The land around Quetzaltenango is very fertile indeed. Two villages in particular: Zunil and Almolonga have a thriving agriculture industry.
Almolonga is k’iche (the local language) for ‘place where water springs’. There are many rivers and streams tapped for irrigation – ugly plastic pipes strung across ravines and snaking down hillsides are a feature of the area. The soil looks good too. It could be something to do with the proximity of a fair few volcanoes. On the way up to the hot springs – heated by volcanic activity – at Fuentes Georginas, we got the chance to check out the land.
On Friday morning the area around the two villages was pumping with activity. A lot of the land is on very steep slopes, and therefore has to be cultivated entirely by hand. Many, many people were labouring in the fields – harvesting, washing and scrubbing vegetables, packing them up to be picked up by the truck load to be taken all over Central America. In the distance we saw the smoky evidence of slash and burn techniques – something that has passed through the generations from the time of the Maya. Unfortunately now, many traditional techniques such as slash and burn to renew the land, crop rotation including fallow years, etc have been substituted by the use of chemicals.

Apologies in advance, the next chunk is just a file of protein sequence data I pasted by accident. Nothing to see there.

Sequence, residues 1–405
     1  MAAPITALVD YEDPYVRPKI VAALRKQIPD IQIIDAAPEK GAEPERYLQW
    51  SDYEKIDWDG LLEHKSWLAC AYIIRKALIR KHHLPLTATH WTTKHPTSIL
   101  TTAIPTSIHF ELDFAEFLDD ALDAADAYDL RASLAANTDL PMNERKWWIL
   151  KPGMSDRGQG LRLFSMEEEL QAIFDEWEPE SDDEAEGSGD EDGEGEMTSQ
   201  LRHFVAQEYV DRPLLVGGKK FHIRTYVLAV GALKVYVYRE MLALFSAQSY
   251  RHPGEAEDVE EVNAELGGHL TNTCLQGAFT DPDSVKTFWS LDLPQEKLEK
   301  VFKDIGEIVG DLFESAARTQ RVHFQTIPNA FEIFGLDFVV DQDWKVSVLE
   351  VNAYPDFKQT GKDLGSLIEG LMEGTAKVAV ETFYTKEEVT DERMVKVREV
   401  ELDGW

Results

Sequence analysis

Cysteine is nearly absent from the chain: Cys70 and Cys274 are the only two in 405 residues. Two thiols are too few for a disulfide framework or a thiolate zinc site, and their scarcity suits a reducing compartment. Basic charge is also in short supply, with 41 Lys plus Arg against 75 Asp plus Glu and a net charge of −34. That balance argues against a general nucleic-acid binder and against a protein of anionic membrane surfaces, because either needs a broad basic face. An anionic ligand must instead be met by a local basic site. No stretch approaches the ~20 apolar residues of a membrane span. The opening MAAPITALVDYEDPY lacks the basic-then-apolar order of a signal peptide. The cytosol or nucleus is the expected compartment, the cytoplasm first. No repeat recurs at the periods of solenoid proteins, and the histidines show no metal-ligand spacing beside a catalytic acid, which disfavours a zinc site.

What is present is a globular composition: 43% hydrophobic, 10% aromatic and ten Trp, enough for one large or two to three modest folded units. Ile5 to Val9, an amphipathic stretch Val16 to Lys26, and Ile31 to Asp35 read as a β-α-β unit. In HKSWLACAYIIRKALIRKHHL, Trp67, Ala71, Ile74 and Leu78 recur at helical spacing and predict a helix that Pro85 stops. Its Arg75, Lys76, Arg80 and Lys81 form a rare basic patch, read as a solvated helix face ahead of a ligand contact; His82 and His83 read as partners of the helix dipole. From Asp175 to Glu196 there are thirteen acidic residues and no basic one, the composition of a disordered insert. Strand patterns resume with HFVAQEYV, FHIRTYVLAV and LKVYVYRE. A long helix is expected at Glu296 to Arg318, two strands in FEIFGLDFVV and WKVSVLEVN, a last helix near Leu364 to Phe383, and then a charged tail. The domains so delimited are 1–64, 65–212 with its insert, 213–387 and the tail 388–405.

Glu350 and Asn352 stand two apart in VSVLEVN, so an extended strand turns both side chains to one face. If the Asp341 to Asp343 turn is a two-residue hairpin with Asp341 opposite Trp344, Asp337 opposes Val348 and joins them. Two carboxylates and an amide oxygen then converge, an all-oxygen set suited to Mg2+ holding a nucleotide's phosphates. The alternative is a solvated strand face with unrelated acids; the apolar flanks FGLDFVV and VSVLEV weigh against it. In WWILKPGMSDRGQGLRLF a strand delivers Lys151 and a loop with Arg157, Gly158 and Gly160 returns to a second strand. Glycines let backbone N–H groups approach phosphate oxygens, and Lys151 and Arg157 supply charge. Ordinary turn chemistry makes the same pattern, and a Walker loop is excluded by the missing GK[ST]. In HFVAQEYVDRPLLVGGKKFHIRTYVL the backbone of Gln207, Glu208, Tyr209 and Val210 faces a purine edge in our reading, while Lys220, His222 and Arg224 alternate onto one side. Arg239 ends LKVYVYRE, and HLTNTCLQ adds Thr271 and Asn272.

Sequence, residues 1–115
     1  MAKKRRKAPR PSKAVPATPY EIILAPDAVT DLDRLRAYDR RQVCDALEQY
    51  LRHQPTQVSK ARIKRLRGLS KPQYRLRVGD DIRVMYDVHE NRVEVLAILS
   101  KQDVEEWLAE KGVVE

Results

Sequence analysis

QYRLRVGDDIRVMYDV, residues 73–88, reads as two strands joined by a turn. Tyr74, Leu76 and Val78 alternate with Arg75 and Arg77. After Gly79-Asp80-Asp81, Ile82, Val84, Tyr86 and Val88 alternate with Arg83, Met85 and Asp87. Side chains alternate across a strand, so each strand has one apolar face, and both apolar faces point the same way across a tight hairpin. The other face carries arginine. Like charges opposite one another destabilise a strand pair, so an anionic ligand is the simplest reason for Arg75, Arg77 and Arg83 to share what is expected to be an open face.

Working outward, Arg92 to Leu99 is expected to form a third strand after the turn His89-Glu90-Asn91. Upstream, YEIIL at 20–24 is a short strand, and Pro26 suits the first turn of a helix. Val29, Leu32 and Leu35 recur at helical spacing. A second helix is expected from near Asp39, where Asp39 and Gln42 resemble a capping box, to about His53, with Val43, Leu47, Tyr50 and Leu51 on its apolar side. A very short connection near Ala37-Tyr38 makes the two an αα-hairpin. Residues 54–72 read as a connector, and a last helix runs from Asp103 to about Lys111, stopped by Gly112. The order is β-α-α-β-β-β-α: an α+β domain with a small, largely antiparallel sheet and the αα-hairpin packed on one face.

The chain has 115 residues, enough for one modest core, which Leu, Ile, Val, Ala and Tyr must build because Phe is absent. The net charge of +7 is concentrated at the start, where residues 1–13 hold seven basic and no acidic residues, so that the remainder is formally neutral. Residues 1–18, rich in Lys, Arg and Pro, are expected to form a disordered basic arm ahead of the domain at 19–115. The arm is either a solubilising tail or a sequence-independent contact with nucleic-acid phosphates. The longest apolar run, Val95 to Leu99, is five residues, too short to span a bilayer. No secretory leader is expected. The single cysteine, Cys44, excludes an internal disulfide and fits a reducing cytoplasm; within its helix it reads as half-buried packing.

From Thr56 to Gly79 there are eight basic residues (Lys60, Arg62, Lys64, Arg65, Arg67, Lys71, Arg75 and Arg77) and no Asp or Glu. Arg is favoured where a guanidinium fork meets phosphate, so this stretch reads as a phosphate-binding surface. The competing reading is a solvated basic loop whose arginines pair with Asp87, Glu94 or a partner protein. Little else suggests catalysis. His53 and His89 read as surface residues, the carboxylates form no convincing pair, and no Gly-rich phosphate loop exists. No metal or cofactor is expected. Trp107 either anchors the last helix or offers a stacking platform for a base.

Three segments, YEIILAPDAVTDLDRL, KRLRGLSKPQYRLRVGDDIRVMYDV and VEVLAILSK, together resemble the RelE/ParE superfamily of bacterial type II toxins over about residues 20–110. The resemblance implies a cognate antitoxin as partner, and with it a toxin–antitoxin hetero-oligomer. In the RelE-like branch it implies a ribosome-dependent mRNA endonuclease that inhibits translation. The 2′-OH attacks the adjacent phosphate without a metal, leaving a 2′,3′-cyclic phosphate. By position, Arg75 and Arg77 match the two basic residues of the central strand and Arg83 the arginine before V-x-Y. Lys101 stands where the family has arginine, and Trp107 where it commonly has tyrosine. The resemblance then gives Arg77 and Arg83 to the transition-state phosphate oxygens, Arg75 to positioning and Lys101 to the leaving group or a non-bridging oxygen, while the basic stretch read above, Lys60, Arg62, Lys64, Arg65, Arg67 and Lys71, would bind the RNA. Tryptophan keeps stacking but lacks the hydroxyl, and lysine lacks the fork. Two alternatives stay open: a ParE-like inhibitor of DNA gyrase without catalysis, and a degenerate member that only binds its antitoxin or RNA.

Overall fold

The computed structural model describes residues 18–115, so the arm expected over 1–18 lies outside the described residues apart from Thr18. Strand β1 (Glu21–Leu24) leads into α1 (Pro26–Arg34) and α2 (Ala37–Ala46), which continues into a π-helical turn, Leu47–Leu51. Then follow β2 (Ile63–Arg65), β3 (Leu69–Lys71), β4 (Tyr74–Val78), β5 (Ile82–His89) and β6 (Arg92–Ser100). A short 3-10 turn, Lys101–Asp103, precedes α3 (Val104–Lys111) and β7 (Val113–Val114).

Nevertheless, the sight of all this produce in the fields and in the markets later – gleaming in piles, inside baskets that local women often transport on their heads – was wonderful. The vegetables were big: beets, spinach, radishes, carrots, broccoli.
Land rights and ownership is a highly volatile issue in Guatemala – a country where 2% of the population owned 50% of the land in 1950, and where the United Fruit Company of the USA managed to control 40% of the available farmland in the first half of the 20th Century. I don’t have any more recent stats as yet, but watch this space as land issues are something I’m hoping to talk about in my classes at the super political language school – PLQ.